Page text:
Who was I kidding? Angkor Archaeological Park has got to be one of the most photographed sites in the world. My camera is a cheap, tepid, point and shoot that I impulsively bought when I couldn’t find the cameras I wanted back in Hawaii. What could I do to make my pictures stand out? What could I do differently?

Take pictures of people taking pictures, of course!

This isn’t to say I didn’t snap away at the temples, I did – a plenty. The crowds were light because it’s the rainy season. I went for 3 days and I’m looking forward to going again. I understand why Lonely Planet named Angkor Wat, the #1 place to visit in their Ultimate Travelist of 2015. I had so much fun. #nerd

I’ll probably write a couple more posts on Angkor Wat, but I wanted to start off with photos of people taking pictures. It felt a little naughty, sometimes. Other times, I was amazed by the jarring narcissism. One woman in particular took so many selfies that it became abundant she was more interested in taking pictures of herself than the ruins.

Yoga poses were also popular. As was copying what other people did, monkey see monkey do what other people are doing. I’m a big fan of people-watching, but this was my first time recording it. And I must say, it helped me to accept the crowds and have fun, as they are inevitably part of the experience and the landscape.

And no, I didn’t see any naked tourists.


Angkor Wat tourists
Everybody tries to get to Angkor early for that sunrise shot. I wasn’t that keen on it, but look how many still continued to patiently wait for some sort of magic to happen. Can you imagine how many would be here if it was the high season?


I thought this was worthy of sharing because we've got three taking the same shot :)
I thought this was worthy of sharing because we’ve got three taking the same pic πŸ™‚


At Bayon, I was surprised by how many enjoyed taking their picture with Buddha like he was a celebrity.
At Bayon, where Buddha is like a celebrity.


We managed to avoid the crowds most of the time we were there, but Bayon is a popular temple so there were TONS of tourists. Fun for me!
We managed to avoid the crowds most of the time we were there, but Bayon is a popular temple so there were TONS of tourists. Fun for me!


My favorite. It feels very Heather from 2Summers.
My favorite. It feels very Heather from 2Summers.


We heard many different languages which my b/f could mostly understand. He was being cheeky when he told these girls to hurry up in Chinese.
We heard many different languages. My b/f’s Chinese was starting to come back so he decided to be a little cheeky when he told these girls to hurry up in Chinese.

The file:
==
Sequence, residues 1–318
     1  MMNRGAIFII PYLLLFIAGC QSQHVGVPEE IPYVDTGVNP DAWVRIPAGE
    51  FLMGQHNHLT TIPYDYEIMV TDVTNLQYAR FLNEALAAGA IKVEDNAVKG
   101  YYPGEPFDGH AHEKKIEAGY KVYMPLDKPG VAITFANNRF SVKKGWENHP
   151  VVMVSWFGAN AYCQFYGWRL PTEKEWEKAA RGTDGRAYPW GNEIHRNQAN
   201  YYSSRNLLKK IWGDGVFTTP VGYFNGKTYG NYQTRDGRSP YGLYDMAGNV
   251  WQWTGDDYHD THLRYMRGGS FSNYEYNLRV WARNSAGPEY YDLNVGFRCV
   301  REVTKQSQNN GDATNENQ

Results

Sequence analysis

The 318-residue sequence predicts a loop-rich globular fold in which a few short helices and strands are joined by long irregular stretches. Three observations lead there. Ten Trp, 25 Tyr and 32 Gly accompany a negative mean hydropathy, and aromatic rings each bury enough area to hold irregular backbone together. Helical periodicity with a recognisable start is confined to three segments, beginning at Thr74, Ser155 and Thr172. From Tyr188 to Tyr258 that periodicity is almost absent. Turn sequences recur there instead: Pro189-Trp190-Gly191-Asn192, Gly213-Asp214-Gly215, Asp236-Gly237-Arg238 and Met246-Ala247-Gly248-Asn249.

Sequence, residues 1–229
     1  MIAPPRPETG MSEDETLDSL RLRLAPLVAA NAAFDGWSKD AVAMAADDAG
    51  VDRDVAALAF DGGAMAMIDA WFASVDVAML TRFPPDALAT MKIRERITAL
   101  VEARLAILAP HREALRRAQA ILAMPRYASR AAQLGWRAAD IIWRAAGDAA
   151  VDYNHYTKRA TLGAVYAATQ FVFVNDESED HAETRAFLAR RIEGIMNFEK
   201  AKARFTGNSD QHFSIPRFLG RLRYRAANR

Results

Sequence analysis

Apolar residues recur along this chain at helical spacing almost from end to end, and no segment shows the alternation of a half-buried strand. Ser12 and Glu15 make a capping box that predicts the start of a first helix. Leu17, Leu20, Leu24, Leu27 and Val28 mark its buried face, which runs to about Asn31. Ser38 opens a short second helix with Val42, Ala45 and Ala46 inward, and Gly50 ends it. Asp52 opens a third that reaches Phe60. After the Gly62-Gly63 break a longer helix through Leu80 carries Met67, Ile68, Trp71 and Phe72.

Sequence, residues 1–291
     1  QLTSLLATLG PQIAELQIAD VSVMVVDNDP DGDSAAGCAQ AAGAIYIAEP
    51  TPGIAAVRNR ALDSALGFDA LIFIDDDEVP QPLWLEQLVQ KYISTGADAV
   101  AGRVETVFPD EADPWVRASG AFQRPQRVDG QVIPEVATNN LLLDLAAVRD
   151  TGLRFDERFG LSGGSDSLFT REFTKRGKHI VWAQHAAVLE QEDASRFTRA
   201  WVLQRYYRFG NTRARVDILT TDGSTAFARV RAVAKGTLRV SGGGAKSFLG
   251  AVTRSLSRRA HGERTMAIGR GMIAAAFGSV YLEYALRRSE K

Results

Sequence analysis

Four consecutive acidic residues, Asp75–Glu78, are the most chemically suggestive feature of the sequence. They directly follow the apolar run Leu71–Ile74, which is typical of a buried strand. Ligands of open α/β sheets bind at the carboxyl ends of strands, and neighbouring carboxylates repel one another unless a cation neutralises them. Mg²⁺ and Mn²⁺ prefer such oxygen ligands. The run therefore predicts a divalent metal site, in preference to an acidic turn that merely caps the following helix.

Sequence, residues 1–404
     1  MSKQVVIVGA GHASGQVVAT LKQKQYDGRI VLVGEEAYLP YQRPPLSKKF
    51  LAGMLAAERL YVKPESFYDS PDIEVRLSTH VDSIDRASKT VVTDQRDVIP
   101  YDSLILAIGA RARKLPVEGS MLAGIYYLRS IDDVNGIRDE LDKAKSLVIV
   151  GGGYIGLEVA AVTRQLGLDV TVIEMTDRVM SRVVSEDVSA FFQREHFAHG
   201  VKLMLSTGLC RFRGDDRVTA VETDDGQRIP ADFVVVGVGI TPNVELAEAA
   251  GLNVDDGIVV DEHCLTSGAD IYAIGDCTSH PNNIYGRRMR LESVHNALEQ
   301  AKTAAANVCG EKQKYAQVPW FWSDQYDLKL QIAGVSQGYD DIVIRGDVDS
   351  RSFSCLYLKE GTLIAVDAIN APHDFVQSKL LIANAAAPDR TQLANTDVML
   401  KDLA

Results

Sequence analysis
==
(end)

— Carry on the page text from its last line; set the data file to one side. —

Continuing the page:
At Neak Pean, I couldn't resist taking snaps at this leggy blond and her hapa boyfriend.
At Neak Pean, I couldn’t resist taking snaps at this leggy blond, her many poses, and her hapa boyfriend.


You know what they say, two selfie sticks are better than one.
You know what they say, two selfie sticks are better than one.


Ta Prohm is where Tomb Raider was filmed. The trees were magical everywhere in the park though.
Ta Prohm is where Tomb Raider was filmed. This temple is particularly famous for its trees. (The trees were magical everywhere in the park though.)


I really love her commitment. She's modeling from head to toe.
I really love her commitment. She’s modeling from head to toe, as Tyra would say. H to T.


At Banteay Srey, pretty in pink.
At Banteay Srey, looking vogue.


Who visits Cambodia
My first Piktochart!


Do you take pictures of strangers? Do you ask before clicking? And finally, do you have a stalker lens? πŸ˜‰

48 replies on “Pictures of people taking pictures at Angkor Wat

  1. hahahhaha I loved your post!!! You were very original by posting pics of people taking pics :)))!!! It is really terrible when a place gets too popular – like Angkor Wat… I actually don’t like crowds of people like that. I was on Bali this summer and there is a temple on the water and it’s famous for its sunset – so I didn’t go there to see the sunset – you can imagine the crowds of Chinese people with their selfie sticks in high season – not bearable at all for me ahahhahah

    I invite you to check out my VIDEO REPORT from my short visit in TOKYO


    Liked by 1 person

    1. Thanks, Pati. I don’t think anyone likes crowds. It’s kind of amusing how angry we get at crowds, but we are part of the problem, too πŸ˜› It’s a clash of cultures, languages and dress! Luckily, it really wasn’t too bad when we went.


  2. I had never seen any selfie stick until I went to watch a performance in the ancient city of langzhong in China. Not only many people were there but also tons of people using their selfiesticks equips with phone to block of any view towards the performance….all I could see where phone and some times tablet screens